Roughly 30 years ago, I was first sports editor (1985-86) and then editor in chief (1986-87) of The Pitt News. While I was editor in chief, I had the honor of presenting to Murray Chass the Leo Koeberlein Award, which at the time was presented annually to an alum of The Pitt News who went on to achieve notable professional success. Murray Chass, who went on to cover the Yankees for The New York Times and became one of the foremost experts among MLB scribes regarding the business of baseball, fit the bill. It was an honor to meet him that evening in the William Pitt Union ballroom.
That all said, I could not disagree more with the misguided views he expressed in his Sept. 9, 2018 op-ed piece. According to Mr. Chass, who apparently was horrified by the 51-6 loss to Penn State, “[t]here are high school students in western and central Pennsylvania who watched that game, and Pitt won’t win any of those [students] who are torn between the schools.” This is not 1960, Mr. Chass. During the current school year, Oakland campus students are from 50 states, three territories, the District of Columbia and 102 countries. Further, in the current freshman class at the Oakland campus, the middle 50 percent SAT score range was 1280-1420. As I understand it, that means roughly half of those who matriculated (the middle 50 percent) had SAT scores within that range. Another 25 percent were above 1420, and the remaining 25 percent were below 1280. My ultimate point is that the Pitt of 2018 is much different than 30 or 60 years ago. Pitt is not vying for students from Nanty Glo whose other option is Penn State, and whose decision might be influenced by the score of a football game. Those days, assuming they ever existed, are long gone.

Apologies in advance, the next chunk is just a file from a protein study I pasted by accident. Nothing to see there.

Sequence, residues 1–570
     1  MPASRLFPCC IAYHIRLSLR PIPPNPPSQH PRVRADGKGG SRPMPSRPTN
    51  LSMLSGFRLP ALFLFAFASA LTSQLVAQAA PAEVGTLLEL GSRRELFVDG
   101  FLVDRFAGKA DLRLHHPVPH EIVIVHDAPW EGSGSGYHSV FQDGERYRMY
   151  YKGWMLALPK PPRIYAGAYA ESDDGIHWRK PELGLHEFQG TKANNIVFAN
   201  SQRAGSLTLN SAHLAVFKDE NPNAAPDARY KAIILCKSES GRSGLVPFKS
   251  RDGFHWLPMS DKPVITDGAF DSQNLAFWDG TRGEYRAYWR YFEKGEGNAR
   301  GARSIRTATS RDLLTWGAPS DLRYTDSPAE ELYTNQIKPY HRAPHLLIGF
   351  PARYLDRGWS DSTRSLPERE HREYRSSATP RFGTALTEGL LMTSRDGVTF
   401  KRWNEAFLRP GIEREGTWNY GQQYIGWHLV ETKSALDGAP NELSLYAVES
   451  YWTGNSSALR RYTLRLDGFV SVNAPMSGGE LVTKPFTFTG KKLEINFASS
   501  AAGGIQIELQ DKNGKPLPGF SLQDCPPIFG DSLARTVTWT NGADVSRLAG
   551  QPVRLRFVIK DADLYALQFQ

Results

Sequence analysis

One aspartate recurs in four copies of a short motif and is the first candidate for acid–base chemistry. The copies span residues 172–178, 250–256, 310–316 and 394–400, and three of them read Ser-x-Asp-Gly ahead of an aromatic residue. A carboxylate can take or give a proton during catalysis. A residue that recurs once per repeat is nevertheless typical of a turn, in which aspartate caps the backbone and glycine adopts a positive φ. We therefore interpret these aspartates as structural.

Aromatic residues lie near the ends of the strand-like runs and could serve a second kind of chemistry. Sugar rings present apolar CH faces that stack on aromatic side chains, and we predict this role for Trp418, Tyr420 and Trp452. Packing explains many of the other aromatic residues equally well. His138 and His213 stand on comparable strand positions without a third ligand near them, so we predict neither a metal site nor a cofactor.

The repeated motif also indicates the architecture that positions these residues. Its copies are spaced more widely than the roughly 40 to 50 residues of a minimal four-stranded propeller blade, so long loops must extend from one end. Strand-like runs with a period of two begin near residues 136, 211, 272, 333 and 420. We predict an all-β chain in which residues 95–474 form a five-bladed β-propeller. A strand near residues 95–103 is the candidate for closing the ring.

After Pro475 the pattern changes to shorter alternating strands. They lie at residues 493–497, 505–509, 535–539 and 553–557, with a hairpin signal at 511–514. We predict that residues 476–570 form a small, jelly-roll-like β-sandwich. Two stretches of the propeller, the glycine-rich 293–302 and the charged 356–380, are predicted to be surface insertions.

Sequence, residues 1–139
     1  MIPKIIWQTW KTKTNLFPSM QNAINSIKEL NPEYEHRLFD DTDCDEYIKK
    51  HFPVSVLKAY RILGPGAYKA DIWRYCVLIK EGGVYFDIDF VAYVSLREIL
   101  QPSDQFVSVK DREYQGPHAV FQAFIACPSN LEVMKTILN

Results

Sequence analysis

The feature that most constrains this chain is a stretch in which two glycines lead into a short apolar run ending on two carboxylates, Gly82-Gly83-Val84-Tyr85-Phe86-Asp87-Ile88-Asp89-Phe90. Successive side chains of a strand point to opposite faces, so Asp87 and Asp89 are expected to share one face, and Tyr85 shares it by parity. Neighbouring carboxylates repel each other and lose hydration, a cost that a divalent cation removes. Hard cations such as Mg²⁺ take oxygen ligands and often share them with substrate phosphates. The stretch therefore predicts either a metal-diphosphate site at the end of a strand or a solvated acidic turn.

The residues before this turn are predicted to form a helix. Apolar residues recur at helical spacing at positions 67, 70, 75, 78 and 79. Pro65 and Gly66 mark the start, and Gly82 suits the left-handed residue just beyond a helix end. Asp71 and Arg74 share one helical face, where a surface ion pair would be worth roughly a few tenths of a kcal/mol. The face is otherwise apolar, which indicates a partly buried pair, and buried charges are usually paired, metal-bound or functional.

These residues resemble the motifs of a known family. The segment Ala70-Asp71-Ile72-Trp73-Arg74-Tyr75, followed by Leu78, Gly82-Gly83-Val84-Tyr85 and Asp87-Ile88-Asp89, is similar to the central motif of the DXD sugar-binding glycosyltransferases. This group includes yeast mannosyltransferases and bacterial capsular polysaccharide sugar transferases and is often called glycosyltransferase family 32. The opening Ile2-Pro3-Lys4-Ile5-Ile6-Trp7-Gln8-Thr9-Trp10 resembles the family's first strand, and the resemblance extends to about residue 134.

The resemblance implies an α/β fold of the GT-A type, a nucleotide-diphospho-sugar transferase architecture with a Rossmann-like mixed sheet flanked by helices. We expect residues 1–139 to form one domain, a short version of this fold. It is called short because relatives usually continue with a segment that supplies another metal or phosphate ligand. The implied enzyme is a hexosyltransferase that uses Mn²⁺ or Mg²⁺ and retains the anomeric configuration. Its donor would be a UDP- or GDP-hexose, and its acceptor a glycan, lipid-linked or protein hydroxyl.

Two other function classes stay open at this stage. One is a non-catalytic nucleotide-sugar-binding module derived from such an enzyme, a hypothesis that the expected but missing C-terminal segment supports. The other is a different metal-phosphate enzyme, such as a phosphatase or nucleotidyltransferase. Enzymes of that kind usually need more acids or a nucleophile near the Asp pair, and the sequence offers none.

Mr. Chass also wrote that “[a] debacle like that 51-6 loss won’t attract donors either … [and] a disaster on the football field can turn students and donors away, thinking, ‘Why take a chance on a college having a good English department, or a worthwhile physics program, when it allows a football team to be humiliated by a neighbor?’” That statement is as idiotic and ridiculous as the statements often heard from Penn State supporters, who contend that empty Heinz Field seats suggest that Pitt alumni do not support their university. Let me set the record straight — The University of Pittsburgh has an endowment of $3.95 billion dollars, which recent statistics show places Pitt 27th in the nation, ahead of likes of Johns Hopkins, Brown, North Carolina, Michigan State, Cal Tech and almost double that of Carnegie Mellon. As for our neighbors to the east, Penn State is 26th (one place ahead of Pitt) with an endowment of $3.99 billion, even though its annual undergraduate enrollment historically has been double that of Pitt’s undergraduate enrollment. Those are the facts. To suggest that a football game could impact donations ignores those facts, which frankly disprove Murray’s point.
Finally, Pitt’s commitment to football and its resulting membership in the ACC provides substantial revenue to the university and its athletic department. According to tax documents reviewed by USA Today (as was reported in May 2018), the ACC paid each football member of the conference between $25.3 million and $30.7 million for the 2017 fiscal year. That money funds not only football but all the other sports in which Pitt competes, all of which are important elements of campus life.
Mr. Chass ultimately contends that Pitt should “de-emphasize football and play a schedule a couple of levels below the major leagues.” I can only assume he missed the Clemson game two years ago and the Miami game last year. At end, he presented no facts to support his ultimate point, and his uneducated opinion should be ignored by all.
Hail to Pitt!
James S. Urban was the sports editor and editor in chief of The Pitt News. He graduated from Pitt in 1987.